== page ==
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An executive order signed on Thursday seeks to reduce barriers to “medical savings accounts” among Medicare Advantage beneficiaries, which could help seniors pay for care.
Late Friday, Trump tweeted his efforts will push Medicare premiums to a 13-year low.
Medicare Advantage plans are offered by private insurers – who were approved by Medicare – and include bundled Part A, B and sometimes D coverage. Insurers that provide these plans receive payments from Medicare to cover costs.
About 34 percent of all Medicare beneficiaries are enrolled in a Medicare Advantage plan. That’s more than 22 million individuals – a number that is expected to grow as more baby boomers retire.
During a Thursday visit to the retirement community The Villages in Flordia, one of the nation's largest, Trump told the crowd the plan would be watered down by the Democrats.
Participating insurance companies can choose to offer Medicare MSA Plans, which are similar to health savings accounts (HSAs), and combine a high-deductible plan alongside a special savings account.
The Medicare MSA Plan puts a certain amount of money into the account each year, which can be used to pay for care costs before the deductible is met – including care that is not covered by Medicare. Enrollees cannot deposit their own money.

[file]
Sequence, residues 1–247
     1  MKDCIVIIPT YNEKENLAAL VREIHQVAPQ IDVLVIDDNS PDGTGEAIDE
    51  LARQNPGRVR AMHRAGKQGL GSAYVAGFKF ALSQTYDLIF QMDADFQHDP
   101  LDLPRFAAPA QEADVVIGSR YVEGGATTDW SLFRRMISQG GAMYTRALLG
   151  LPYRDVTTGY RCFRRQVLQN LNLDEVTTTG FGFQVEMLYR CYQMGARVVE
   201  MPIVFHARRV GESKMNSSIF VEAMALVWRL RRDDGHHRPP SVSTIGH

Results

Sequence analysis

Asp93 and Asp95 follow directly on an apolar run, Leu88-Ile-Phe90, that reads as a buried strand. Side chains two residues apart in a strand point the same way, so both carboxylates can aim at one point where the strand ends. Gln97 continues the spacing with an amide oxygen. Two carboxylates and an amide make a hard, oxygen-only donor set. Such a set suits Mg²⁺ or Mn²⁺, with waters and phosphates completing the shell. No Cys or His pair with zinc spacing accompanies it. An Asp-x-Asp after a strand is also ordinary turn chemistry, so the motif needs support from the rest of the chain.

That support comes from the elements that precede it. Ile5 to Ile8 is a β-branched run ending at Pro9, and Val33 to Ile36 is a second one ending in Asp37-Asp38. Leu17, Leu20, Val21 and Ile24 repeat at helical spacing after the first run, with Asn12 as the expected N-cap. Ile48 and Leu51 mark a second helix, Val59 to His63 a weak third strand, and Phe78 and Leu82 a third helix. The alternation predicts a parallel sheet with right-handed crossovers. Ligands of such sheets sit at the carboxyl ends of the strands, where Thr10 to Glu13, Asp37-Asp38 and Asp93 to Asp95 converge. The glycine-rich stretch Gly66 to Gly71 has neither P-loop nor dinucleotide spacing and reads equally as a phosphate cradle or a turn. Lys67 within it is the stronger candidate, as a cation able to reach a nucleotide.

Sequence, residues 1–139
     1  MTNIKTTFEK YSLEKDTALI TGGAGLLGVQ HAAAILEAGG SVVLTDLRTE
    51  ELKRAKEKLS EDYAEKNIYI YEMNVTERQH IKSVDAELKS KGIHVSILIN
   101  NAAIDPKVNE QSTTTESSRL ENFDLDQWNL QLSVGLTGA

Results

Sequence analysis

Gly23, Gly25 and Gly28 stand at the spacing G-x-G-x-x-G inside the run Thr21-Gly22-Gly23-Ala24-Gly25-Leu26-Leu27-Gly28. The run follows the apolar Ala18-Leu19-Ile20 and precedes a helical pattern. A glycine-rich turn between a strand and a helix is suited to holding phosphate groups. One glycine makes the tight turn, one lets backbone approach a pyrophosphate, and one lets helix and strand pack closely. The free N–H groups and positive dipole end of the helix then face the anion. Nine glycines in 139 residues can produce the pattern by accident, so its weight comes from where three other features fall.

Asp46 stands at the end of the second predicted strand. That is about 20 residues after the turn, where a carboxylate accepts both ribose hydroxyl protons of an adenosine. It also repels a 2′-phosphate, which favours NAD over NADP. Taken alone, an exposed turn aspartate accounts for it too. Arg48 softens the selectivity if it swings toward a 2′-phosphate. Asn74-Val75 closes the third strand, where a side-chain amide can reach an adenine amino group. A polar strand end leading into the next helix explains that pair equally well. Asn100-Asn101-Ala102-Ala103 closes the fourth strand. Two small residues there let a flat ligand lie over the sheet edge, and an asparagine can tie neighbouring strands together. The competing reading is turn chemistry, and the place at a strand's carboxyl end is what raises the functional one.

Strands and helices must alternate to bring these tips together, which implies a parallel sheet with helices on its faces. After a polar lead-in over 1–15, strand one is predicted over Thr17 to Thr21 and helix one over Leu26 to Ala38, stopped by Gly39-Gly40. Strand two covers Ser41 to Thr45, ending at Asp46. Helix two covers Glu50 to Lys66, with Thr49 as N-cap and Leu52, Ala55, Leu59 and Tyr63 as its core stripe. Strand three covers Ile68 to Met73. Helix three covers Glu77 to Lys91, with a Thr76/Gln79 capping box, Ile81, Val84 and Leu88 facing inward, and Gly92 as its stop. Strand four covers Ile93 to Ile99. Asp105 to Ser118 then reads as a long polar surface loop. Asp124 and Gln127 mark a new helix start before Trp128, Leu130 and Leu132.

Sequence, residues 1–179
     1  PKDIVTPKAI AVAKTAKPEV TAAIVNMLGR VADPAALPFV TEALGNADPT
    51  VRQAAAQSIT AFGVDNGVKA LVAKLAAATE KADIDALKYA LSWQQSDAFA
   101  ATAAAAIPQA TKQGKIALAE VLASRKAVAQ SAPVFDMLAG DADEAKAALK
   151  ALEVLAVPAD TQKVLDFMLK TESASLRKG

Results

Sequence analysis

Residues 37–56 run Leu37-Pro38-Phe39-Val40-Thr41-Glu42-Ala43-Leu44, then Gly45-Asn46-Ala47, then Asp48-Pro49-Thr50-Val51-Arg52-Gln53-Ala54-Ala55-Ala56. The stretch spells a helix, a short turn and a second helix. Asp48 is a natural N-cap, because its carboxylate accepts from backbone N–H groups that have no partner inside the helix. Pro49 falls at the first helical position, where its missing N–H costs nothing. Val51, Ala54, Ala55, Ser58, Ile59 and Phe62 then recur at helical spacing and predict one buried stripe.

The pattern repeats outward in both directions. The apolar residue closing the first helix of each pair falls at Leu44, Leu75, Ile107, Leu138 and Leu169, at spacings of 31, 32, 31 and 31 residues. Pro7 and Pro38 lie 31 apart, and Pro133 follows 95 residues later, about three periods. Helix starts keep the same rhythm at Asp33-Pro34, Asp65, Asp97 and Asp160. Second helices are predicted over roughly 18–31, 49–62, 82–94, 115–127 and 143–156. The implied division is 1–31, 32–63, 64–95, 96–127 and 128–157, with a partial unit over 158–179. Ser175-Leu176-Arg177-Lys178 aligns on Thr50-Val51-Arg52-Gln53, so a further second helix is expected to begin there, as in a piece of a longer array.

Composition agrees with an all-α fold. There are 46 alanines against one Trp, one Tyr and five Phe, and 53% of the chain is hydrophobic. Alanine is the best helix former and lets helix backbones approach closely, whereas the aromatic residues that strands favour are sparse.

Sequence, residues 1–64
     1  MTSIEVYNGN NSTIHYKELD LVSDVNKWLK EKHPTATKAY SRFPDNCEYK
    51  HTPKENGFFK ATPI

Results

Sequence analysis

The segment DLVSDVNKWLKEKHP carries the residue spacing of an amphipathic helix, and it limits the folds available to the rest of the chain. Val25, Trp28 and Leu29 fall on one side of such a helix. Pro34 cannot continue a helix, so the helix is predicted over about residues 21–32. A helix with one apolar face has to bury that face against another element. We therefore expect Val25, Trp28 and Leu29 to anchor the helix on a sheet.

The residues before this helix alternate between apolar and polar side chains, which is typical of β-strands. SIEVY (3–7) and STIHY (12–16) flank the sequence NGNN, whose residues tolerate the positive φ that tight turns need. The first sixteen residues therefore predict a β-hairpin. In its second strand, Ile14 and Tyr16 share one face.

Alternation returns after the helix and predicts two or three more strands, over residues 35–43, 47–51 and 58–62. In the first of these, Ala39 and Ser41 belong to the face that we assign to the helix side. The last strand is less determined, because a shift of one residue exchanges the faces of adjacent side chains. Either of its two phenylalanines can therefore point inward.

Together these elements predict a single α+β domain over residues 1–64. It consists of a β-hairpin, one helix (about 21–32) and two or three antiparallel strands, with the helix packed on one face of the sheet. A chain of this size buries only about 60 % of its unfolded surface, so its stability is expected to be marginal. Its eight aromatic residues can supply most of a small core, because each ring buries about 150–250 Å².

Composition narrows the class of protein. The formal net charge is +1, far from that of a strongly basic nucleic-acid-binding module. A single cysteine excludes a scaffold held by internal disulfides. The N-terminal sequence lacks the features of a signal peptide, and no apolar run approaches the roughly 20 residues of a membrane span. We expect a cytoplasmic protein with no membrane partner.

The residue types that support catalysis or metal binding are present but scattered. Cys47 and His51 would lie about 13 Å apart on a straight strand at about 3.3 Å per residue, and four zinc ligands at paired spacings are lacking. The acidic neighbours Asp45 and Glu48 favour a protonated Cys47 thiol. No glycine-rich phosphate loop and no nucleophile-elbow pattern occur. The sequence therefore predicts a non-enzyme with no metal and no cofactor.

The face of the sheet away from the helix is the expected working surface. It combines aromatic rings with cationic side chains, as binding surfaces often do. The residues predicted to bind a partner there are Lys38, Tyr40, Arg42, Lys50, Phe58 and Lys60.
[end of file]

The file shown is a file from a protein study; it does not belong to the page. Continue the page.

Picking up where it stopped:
Like health savings accounts, withdrawals are not taxed if they are used for “qualified medical expenses.”
If those funds are used up, an individual will pay out-of-pocket until the deductible is met. Money not used at the end of the year will roll over – and funds grow tax-free while accruing interest.
The plans, however, do not cover Part D prescription drug costs.
According to the Kaiser Family Foundation, only about 5,600 people are enrolled in Medicare MSAs in 2019.
On Thursday, Trump announced his plan to expand private-sector Medicare coverage by providing more plan choices to seniors, bolstering telehealth services, lowering Medicare Advantage costs and protecting the program from Democrats’ plans to expand it into Medicare for All.
A study by the Kaiser Family Foundation found that Medicare beneficiaries who enroll in a Medicare Advantage plan spend less and use fewer services before they make the switch when compared to those that remain in Medicare.
Medicare alone accounted for 15 percent of government spending in fiscal 2016, according to data from the Pew Research Center. Other health programs made up 13 percent.
About 64 million people were covered by Medicare in 2019.